For too many of us, Sunday night’s halftime show was a sobering reminder that the main event of the Super Bowl is, in fact, a football game.
Maroon 5’s halftime show, with blink-and-you’ll-miss-it cameos from Travis Scott, Big Boi, and, uh, SpongeBob SquarePants, was bland mediocrity in all its tatted, half-naked glory. (Swoon over Adam Levine’s shirtless strip-down and erotic-as-hell hip-swivel choreography during “Moves Like Jagger.” I certainly did. And then, once more for the cheap seats, shout a hearty “JUSTICE FOR JANET JACKSON!” Should we all spam the FCC with nipple complaints in solidarity?)
A rudimentary cycling through of the band’s hits—and, let’s face it, those hits are pretty damned irresistible—with no stagecraft to speak of, Maroon 5’s halftime show was a 5 out of 10. It was pleasant. Inoffensive.
It was exactly like the experience of a Maroon 5 song playing on the radio: nothing you look forward to, but, in the end, you liked it enough, sure, you guess.
But in 2019, and given the impressive, bar-raised modern history of the halftime show, fine enough is tantamount to disaster. More, with the show this year doubling as a political referendum, it hardly justified the injustice, let alone silenced the debate, that has raged for the last year over the league’s treatment of Colin Kaepernick, National Anthem protests, and the responsibility of athletes, artists, and fans to stand up for something—in this case, by sitting out.
(The most thrilling aspect of the show may have been the rationalization gymnastics everyone involved has stumbled through in attempting to explain why they chose to take part in the show after so many other artists had passed on the money and exposure in solidarity with the cause.)
So forget any breathless Beyoncé spectacular, Bruno Mars footwork, or even Justin Timberlake sojourn into—out of?—the woods, the undeniable main draws of previous years. This year’s Maroon 5-led halftime show was so listless and pedestrian, the lion’s share of the 100 million people who tune in for the non-football elements of the Super Bowl were left, for the first time in years, actually craving the excitement of a sporting event so lethargic that two minutes of gameplay takes 20 minutes to actually progress.
Levine teased ahead of his shot at the highest-profile gig in showbiz that, this year with Maroon 5 on stage, the spectacle was going to be the music, a wild statement to all of us most familiar with Maroon 5 from the last time we found ourselves mindlessly singing along to “Sugar” in aisle four of CVS while deciding whether or not to buy the deodorant that’s on sale.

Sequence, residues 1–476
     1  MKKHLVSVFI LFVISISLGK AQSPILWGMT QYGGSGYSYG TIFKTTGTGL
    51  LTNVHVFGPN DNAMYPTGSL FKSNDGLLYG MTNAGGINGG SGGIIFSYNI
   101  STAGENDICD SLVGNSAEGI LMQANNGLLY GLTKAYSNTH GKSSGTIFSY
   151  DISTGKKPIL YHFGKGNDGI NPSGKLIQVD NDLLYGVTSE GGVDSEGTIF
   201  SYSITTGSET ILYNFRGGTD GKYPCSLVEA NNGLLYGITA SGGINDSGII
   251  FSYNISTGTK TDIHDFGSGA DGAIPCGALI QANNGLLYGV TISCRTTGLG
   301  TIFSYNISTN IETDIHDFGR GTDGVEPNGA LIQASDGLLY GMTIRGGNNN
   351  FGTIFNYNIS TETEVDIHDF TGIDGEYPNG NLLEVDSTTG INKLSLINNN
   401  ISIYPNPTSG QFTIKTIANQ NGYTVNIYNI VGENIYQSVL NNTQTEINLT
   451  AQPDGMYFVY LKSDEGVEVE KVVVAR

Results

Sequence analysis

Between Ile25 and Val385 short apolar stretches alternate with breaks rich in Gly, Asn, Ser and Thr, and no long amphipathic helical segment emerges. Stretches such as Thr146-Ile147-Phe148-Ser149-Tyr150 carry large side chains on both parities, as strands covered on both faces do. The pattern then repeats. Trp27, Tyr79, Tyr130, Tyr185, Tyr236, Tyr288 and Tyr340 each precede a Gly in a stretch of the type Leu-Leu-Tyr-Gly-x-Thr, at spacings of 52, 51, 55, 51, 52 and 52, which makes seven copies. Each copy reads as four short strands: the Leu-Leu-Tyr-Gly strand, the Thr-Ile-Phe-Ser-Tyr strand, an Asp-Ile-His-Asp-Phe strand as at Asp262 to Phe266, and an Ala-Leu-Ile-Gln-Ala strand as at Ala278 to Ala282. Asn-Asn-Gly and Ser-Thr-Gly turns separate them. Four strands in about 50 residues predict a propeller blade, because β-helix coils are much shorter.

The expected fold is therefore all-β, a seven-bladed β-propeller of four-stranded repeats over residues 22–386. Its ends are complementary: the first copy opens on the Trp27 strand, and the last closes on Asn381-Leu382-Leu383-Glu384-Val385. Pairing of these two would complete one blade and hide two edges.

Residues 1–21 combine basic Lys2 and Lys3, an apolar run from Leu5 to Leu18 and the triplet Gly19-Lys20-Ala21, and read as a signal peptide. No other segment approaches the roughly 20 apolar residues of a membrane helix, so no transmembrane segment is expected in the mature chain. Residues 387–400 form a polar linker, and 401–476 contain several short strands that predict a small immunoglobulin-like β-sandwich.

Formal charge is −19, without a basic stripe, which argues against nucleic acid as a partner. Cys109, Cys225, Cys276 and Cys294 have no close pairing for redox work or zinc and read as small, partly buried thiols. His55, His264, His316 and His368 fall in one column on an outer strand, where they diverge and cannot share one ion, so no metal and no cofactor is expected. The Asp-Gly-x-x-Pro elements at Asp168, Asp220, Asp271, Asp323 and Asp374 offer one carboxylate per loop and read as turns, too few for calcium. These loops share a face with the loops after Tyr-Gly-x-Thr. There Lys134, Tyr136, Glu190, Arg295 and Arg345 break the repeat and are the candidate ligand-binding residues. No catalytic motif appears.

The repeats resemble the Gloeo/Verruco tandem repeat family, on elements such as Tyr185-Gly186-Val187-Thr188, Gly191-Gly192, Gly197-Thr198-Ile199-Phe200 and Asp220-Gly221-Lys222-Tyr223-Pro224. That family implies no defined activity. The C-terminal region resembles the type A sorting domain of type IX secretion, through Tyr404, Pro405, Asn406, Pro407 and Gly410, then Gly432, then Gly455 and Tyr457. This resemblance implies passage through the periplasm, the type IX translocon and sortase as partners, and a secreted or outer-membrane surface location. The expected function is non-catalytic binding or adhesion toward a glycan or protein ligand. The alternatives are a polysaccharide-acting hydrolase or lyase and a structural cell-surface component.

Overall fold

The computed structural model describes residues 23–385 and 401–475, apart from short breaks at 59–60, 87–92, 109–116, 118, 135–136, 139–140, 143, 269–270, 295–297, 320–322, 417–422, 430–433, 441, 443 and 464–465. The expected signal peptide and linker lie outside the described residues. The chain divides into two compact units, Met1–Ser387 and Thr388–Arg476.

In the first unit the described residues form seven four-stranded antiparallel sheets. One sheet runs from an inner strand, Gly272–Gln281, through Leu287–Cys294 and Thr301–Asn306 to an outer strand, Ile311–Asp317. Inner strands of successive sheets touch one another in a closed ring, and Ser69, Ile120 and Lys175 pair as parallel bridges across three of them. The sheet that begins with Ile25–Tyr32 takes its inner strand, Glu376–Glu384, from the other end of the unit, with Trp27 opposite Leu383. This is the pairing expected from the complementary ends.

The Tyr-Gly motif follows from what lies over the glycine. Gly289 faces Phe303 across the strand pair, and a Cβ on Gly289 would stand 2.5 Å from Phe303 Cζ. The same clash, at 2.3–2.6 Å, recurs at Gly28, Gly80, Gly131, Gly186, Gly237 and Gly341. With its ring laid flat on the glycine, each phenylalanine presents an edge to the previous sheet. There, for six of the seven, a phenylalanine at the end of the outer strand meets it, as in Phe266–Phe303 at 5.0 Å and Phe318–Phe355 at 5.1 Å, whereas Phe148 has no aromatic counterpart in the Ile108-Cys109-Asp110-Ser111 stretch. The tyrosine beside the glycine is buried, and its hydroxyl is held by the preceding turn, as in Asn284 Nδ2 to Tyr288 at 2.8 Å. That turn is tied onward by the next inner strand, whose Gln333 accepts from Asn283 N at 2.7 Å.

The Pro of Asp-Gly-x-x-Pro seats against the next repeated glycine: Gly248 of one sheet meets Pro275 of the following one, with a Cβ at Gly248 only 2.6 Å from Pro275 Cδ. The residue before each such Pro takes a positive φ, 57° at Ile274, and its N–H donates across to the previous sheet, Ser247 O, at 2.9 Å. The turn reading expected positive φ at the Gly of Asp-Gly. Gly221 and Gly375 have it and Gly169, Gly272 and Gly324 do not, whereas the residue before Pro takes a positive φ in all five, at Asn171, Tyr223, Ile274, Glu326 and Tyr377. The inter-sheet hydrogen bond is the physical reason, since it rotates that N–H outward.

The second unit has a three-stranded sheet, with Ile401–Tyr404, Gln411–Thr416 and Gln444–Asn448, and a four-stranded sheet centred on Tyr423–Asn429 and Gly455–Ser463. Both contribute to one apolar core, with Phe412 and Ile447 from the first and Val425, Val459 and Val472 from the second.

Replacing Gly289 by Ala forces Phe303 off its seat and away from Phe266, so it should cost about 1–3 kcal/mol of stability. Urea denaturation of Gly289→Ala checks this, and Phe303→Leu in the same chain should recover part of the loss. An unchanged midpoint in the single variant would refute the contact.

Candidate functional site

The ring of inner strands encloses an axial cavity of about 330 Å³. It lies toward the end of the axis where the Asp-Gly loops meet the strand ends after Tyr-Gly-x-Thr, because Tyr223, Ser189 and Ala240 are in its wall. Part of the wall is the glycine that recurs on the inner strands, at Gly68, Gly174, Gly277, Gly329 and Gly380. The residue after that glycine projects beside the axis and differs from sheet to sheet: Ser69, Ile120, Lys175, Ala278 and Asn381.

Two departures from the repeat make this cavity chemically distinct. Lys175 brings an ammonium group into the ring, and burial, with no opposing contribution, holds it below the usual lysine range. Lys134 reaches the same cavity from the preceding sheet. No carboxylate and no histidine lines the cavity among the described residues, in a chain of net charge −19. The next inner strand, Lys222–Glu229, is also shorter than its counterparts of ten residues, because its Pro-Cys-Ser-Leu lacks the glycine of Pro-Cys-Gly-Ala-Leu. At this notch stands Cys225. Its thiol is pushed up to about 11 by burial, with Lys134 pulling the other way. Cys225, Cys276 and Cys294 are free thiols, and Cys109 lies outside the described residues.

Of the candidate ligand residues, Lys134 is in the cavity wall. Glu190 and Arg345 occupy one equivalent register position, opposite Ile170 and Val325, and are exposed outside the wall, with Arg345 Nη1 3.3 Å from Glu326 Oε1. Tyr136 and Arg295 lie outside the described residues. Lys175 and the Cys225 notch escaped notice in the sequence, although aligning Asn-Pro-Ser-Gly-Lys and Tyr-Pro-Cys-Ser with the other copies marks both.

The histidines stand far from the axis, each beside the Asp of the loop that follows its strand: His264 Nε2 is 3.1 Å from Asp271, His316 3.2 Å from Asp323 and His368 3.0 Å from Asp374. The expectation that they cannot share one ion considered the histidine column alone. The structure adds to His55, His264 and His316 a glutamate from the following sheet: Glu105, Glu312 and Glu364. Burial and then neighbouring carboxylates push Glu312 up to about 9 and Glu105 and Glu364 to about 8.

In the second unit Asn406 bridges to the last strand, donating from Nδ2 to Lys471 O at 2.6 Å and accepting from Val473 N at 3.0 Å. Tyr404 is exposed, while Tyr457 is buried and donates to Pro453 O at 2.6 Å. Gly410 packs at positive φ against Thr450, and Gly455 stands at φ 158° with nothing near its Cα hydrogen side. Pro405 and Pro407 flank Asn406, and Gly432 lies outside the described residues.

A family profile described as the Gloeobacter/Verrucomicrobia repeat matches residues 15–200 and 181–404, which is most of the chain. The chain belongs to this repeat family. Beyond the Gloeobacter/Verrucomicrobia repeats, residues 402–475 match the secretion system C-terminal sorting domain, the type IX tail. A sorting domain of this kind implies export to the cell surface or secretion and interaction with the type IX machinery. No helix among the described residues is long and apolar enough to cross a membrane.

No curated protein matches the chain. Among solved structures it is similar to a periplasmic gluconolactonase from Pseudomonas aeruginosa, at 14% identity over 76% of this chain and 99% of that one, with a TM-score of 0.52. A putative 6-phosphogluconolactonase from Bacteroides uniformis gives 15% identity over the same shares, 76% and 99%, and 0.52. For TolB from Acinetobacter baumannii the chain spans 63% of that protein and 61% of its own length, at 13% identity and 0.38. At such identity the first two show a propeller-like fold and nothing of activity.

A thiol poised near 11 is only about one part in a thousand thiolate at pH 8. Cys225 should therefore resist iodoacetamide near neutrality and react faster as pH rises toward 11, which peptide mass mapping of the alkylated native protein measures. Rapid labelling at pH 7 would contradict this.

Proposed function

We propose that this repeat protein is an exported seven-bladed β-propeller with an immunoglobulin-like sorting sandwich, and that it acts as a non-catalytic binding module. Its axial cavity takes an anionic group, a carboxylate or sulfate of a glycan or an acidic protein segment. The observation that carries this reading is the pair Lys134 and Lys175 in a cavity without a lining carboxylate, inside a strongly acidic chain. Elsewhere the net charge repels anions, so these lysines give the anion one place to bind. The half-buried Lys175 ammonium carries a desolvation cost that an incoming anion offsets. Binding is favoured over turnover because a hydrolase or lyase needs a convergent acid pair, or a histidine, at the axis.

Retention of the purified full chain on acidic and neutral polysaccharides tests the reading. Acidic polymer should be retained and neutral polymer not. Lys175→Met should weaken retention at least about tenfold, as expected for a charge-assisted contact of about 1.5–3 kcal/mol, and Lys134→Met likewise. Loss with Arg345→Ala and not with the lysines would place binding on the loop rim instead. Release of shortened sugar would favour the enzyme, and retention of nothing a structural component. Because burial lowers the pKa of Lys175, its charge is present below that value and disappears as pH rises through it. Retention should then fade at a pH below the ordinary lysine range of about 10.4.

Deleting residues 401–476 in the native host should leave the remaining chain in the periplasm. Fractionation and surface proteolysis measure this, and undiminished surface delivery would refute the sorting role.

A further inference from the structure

It’s not that there’s anything wrong with Maroon 5’s modern brand of grocery store music, per se. Songs About Jane is catchy. “Moves Like Jagger” is a jam. Adam Levine is a fox, forever and always. Perhaps no pop act is as skilled at crafting earworms. Maybe there’s even an argument that a band deserves praise for bucking the recent trend of bombast and excess at the Super Bowl. Katy Perry entering a stadium on a 1600-pound animatronic lion is hardly subtle.
But you still want there to be a show of some kind. Maroon 5 performed their music, and the music was fine as always. I tapped my foot. I hummed along. I smiled twice.
It was a performance that matched all the intensity of a first half that ended with a score of 3-0.
Levine and the Other Ones (fun fact: there are more than five people in Maroon 5) opened their set with “Harder to Breathe,” segueing into “This Love.” Levine sounded great. The songs were as groovy as they were the first 17,456 times you heard them on the radio that one summer in high school. The vocals and Levine’s falsetto were spot on. At one point he had a guitar slung over his shoulder and did some sort of pelvic thrust while performing a “This Love” verse and the level of arousal was uncomfortable for everyone in the room.
You start to think: maybe there’s an argument that we don’t need the bells and whistles in a halftime show, especially when the artist isn’t known for them. But then you remember Diana Ross literally exited by helicopter and changed her outfit for every single song during her Super Bowl set and you remember that there’s really no excuse to not put on a show.
Things got awkward fast. Turns out Adam Levine is not exactly suited for the role of hip-hop hype man, as we learned when Travis Scott and Big Boi arrived. You would think one could have predicted that, but who are we to judge. Scott and Big Boi’s electric, all-too-brief cameos just amplified the argument that it’s absolutely ridiculous that a Super Bowl staged in Atlanta, the hip-hop capital of the country, didn’t go with a local rapper or artist as the headliner.
By the time Levine wrapped up the set with perfectly serviceable renditions of “Sugar” and “Moves Like Jagger,” there was nothing to hate. But there was also nothing to love. (Outside of those sweet, sweaty Adam Levine abs.) That’s because there was nothing attempted, not really. There was nothing visionary or even cohesive about the production, with each new number an entirely different swing. Fire! Drumline! Gospel choir! Pimped-out rides! Floating lamps! Sex! Everything was thrown at the wall, and all stuck briefly, before falling off as the band hurriedly moved onto the next thing.
It’s instinctual to compare the show to past productions. Beyoncé put on a relentless, meticulously crafted song-and-dance spectacular unlike the Super Bowl had ever seen. Madonna, at age 53, literally cartwheeled through the most elaborate stage sets that had ever been built for halftime. Katy Perry entered on a 16-story lion and exited on a shooting star. Bruno Mars danced so hard, I got tired just watching. Lady Gaga reaffirmed once and for all that pop stars are among our greatest athletes. Prince was legendary.
Maroon 5 stood still on stage, and one of them took off their shirt.